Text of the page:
Locating web elements using XPath

XPath can be used to locate web elements on a web site. We should construct unique XPaths, meaning only one element can be found on the page using the XPath we have constructed. In Firefox and Chrome, we can right click on the element on the screen and select “Inspect Element”. This will open the browser’s developer tools window on the Inspector-tab. There we can see the HTML of the page, with the part corresponding to the element as highlighted. We can construct a unique XPath based on that snippet.

If the website has unique ids for the web elements, they are often a good choise for constructing the XPath. For example, consider the following element:

<button id="loginButton" class="LoginDropdownButton">Login</button>

We could construct the XPath using id, class and/or text. If the id seems to be unique, it would be a good choise. But sometimes elements do not have ids defined, or they are dynamic, in which case other attributes or a mixture of them can be used.

XPath Examples

Basic XPath syntax to find an element of type input with id lastName:


Numeric selector : If several web elements corresponding to the criteria are found on the page, you can select the first one by adding [1] at the end. Similarly, by adding [2] we would select the second one, and so on.


Following sibling : Select the following sibling of type div of an element of type div containing the text First name:

//div[contains(text(), “First name”)]/following-sibling::div

Contains text : find element of type a which contains text my name in its text part:

//a[contains(text(), “my name”)]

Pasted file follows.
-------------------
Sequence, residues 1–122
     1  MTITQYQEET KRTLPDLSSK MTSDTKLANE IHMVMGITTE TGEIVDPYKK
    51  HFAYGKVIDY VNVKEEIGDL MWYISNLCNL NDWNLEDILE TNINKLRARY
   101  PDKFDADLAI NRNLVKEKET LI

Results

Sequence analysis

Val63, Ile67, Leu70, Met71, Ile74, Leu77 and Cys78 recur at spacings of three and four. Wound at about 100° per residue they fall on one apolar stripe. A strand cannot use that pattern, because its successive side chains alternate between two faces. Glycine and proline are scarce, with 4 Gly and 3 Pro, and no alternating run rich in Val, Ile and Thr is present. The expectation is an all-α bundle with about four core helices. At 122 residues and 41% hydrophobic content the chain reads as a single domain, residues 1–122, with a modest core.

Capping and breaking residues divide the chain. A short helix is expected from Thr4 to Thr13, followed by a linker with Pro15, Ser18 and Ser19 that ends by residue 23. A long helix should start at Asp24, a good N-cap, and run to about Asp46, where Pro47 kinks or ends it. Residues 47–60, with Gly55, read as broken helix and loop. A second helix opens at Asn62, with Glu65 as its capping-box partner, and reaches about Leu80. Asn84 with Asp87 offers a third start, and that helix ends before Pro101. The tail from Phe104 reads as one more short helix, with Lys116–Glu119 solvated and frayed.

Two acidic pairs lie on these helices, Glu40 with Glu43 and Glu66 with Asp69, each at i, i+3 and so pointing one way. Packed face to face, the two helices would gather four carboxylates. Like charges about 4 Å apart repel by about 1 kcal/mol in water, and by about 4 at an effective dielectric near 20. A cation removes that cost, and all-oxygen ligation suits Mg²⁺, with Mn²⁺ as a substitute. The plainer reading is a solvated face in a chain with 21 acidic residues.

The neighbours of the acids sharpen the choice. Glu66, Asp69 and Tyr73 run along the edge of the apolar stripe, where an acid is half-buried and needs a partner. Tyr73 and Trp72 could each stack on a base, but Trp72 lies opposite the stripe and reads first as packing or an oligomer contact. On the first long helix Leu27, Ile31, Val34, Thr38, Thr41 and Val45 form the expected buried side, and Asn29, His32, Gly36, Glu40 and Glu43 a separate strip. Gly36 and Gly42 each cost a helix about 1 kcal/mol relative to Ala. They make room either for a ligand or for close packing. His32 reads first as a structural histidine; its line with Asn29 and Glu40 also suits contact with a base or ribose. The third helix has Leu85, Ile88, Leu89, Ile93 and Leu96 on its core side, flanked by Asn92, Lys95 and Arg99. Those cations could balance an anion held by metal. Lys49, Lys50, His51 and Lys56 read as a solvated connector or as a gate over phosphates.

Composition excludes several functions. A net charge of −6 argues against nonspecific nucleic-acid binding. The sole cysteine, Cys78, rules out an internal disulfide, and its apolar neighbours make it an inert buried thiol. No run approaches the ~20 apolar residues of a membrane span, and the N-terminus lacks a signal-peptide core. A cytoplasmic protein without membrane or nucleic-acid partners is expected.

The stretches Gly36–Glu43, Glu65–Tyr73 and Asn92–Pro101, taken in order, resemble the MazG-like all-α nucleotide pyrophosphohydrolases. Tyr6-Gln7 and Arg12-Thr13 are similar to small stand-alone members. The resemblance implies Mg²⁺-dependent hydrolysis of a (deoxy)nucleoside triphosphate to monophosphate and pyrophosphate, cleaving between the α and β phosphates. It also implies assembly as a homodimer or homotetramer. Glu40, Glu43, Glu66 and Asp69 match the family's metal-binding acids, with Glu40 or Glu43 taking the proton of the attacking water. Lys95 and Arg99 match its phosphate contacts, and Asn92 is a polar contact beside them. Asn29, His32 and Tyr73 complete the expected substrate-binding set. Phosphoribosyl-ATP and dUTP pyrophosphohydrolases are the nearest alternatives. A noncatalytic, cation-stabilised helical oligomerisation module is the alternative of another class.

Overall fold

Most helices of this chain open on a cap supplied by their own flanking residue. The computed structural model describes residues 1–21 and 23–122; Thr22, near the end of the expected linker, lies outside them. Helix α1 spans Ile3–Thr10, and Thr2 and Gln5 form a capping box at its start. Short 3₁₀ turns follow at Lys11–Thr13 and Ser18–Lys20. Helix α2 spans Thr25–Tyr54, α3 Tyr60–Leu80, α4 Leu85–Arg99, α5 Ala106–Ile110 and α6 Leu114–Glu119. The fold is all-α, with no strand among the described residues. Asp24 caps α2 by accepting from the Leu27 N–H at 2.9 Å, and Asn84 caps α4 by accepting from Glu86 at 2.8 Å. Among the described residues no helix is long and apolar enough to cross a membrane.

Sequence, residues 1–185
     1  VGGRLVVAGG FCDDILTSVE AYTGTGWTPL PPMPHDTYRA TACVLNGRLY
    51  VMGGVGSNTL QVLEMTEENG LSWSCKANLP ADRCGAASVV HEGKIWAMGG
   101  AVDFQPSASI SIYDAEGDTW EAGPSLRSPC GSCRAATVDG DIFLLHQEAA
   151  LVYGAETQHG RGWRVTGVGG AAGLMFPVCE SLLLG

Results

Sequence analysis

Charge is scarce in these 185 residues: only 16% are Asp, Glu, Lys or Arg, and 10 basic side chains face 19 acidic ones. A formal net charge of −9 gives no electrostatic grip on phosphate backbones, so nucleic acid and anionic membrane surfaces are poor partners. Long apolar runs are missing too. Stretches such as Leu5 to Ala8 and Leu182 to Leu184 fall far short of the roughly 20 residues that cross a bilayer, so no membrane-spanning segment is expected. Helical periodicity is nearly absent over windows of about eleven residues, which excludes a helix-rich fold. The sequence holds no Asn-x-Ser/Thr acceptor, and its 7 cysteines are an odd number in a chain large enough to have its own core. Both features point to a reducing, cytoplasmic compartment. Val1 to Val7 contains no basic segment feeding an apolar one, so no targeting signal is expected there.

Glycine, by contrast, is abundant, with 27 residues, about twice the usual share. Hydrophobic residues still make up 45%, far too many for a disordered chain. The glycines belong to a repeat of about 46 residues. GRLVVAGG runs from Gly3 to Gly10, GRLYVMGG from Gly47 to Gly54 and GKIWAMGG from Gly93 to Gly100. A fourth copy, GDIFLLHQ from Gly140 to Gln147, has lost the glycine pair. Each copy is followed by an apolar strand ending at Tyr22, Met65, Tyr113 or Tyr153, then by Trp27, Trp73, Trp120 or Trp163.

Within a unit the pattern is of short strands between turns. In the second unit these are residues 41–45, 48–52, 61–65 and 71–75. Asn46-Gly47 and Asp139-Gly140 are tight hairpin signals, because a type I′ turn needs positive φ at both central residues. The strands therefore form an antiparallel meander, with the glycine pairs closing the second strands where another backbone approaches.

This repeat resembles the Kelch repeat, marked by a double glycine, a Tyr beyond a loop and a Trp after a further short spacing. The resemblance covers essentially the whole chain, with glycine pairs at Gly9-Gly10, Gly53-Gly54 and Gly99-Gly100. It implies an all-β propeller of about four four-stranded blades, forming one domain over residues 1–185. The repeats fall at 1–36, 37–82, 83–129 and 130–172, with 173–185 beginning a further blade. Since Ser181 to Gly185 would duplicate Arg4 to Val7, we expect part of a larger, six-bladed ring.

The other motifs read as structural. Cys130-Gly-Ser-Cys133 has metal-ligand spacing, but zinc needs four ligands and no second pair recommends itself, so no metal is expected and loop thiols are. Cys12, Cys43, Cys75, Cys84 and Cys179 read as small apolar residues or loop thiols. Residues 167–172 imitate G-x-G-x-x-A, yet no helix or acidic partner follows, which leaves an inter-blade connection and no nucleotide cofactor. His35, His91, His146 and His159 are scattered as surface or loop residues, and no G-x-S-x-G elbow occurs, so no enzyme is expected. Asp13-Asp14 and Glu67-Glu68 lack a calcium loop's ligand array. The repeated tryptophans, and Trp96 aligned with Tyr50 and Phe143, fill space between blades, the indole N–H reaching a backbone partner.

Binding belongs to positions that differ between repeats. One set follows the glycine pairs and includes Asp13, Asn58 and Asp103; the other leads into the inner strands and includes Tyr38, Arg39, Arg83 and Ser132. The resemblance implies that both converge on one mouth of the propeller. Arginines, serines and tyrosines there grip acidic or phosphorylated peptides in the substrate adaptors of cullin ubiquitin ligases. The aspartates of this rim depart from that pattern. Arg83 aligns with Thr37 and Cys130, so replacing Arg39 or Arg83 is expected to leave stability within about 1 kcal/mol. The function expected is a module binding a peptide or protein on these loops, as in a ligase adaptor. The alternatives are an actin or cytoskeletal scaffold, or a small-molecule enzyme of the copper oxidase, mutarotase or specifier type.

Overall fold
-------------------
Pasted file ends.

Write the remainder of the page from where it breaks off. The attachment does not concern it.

Contains – several search criteria : find an element of type a which has href which contains myLink and text which contains my name:

//a[contains(@href, “myLink”)][contains(text(), “my name”)]

Any type and partial id : find element of any type (*) whose id contains thisId:

//*[contains(@id, “thisId”)]

Trying out an XPath on the browser

Before using the xpath in our code, we can try it out on the browser. In Firefox and Chrome, this can be done by typing F12 and selecting the Console-tab. Then we can try the path with the following syntax:


After clicking Enter, we should get an array as a response. We want to find the element on the page exactly once, which means we should have an array with one element. We can hover on the array, and the element will be highlighted on the page. If the array has no elements, it means something went wrong with the XPath, as no corresponding elements are found. If the array has several elements, we can try to add more details to the description. If that is not possible, we can use the numeric selector as described above.

Defining locators

We can use XPath to define locators in Selenium page objects:

public static final String LAST_NAME = "//input[@id=\"lastName\"]";